A German TV programme showed hackers from the Chaos Computer Club using off-the-shelf equipment to extract personal information from the government's new "secure" ID card, which stores scans of fingerprints and a six-digit PIN that can be used to sign official documents and declarations.
In an interview with the show, Interior Minister Thomas de Maizière said he saw no immediate reason to act on the alleged security issue.
Meanwhile on Tuesday the Federal Office for Information Security (BSI) rejected the Plusminus' criticism of the new ID card. The agency's personal identification expert Jens Bender said the card was secure and called the combination of an integrated chip with a PIN number a "significant security improvement compared to today's standard process of user name and password."
But a classic Trojan horse program that logs keystrokes remained a threat, he admitted, because users must use keyboards in addition to the scanners.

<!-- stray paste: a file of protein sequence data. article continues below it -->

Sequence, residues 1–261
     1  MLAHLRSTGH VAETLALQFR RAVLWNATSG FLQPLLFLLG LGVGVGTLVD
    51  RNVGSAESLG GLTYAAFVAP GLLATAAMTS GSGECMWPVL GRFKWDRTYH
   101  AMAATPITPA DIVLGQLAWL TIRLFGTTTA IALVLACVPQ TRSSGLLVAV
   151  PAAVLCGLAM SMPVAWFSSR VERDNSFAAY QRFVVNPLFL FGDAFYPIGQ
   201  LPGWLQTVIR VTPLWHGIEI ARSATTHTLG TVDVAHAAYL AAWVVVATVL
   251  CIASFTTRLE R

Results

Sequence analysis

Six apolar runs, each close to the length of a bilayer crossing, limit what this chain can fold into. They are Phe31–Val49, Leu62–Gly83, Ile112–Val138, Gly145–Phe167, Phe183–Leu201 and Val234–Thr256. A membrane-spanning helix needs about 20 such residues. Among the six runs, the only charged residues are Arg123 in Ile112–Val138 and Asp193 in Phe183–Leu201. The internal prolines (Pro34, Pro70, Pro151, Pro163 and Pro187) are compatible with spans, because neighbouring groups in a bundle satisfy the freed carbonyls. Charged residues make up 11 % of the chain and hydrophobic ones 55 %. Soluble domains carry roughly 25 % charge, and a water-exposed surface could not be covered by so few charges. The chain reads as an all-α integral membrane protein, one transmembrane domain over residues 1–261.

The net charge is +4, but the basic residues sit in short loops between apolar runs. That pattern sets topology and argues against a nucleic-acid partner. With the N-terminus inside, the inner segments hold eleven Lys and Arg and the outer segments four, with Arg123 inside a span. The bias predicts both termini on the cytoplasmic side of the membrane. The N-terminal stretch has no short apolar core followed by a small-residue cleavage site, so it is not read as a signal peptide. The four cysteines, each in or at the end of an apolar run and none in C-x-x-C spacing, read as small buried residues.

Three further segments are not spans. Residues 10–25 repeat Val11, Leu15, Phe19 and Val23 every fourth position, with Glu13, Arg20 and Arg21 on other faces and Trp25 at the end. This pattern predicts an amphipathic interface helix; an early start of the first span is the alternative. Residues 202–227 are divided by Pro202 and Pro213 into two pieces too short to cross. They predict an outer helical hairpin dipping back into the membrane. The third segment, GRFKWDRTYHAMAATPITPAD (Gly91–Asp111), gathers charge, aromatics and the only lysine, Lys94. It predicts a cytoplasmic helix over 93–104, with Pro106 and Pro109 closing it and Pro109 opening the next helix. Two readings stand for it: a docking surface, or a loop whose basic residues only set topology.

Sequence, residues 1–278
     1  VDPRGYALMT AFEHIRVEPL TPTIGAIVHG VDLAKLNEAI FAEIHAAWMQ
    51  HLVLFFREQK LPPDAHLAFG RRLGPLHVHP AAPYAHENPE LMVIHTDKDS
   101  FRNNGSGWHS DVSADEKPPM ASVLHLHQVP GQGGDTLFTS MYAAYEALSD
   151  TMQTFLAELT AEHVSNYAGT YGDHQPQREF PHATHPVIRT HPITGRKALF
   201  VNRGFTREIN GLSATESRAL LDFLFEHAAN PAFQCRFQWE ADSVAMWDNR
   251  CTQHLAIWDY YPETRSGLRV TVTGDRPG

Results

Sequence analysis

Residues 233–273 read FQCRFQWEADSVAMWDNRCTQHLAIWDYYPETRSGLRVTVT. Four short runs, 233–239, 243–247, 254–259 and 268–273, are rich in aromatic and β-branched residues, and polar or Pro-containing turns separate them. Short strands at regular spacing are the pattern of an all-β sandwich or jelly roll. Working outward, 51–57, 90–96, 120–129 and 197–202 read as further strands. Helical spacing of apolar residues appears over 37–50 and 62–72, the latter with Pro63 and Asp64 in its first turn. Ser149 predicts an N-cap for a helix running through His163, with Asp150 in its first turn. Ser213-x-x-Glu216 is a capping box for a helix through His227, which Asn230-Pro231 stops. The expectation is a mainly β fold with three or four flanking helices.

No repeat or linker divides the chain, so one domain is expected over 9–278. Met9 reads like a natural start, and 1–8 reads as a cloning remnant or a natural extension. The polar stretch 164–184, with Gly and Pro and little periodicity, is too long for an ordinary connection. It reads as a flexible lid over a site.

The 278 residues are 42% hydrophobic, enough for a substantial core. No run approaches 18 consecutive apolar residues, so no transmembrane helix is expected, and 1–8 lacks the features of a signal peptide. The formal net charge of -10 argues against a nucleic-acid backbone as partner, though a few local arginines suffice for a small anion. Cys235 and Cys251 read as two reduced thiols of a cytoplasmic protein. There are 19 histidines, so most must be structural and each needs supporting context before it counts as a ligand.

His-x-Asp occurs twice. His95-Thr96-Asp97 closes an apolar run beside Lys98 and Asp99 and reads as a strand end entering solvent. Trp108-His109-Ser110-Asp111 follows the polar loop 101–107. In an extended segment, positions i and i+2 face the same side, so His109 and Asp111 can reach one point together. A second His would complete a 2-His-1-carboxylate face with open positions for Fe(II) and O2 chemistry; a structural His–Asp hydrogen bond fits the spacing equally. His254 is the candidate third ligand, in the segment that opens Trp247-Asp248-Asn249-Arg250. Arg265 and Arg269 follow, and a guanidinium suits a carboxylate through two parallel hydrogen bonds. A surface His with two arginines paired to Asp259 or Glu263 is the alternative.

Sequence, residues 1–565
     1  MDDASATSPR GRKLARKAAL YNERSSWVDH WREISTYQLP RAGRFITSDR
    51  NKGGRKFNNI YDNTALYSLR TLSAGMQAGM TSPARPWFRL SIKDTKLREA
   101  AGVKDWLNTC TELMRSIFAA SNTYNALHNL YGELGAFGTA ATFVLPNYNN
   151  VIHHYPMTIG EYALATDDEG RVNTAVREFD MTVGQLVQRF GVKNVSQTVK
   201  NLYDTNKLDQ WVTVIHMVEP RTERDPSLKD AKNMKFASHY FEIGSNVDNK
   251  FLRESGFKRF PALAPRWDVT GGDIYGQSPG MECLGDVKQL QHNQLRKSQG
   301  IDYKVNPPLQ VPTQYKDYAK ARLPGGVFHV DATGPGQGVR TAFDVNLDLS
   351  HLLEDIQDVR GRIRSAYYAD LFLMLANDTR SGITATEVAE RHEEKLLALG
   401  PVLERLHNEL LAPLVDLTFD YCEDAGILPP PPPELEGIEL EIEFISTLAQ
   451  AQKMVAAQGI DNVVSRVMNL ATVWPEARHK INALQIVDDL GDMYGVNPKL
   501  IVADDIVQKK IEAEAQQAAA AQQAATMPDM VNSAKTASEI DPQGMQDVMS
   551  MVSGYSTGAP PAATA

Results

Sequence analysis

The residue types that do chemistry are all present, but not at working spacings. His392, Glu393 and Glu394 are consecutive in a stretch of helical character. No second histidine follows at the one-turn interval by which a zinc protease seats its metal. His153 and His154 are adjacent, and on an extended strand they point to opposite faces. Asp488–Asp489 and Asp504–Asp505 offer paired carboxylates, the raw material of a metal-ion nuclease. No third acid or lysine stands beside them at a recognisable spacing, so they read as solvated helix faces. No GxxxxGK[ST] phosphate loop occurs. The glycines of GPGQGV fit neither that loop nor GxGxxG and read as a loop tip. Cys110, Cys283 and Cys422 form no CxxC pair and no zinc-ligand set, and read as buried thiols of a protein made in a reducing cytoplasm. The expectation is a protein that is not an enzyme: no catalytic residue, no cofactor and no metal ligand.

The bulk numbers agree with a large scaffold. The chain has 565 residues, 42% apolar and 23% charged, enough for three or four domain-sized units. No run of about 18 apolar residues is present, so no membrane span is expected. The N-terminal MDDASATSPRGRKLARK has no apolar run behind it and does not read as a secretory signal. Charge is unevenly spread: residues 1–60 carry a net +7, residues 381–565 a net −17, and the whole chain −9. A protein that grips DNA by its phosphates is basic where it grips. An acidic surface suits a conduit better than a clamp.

You could actually watch a Tyrannosaurus Rex walk down your street right now. And no, this isn’t the latest Jurassic Park sequel. Of course, it isn’t real either, just a Google recreation of some pretty realistic looking dinosaurs transplanted right into any environment around you courtesy of augmented reality. Yet it’s just another example of […]
A guy on the Apple discussion forum started a thread titled, “Why do your Charger Cables have the lifespan of a housefly?” That question is probably enough to elicit a whole bunch of head nods from virtually everyone reading this, whether you’re an iPhone user, an Android owner or have virtually any device that needs […]
For all their power and capabilities, image editing software isn’t like sitting down to play a video game. You aren’t there to have fun. You’re likely looking to make a few minor tweaks to an image to make it ready to be shared, then you move on with satisfaction in a job well done. If […]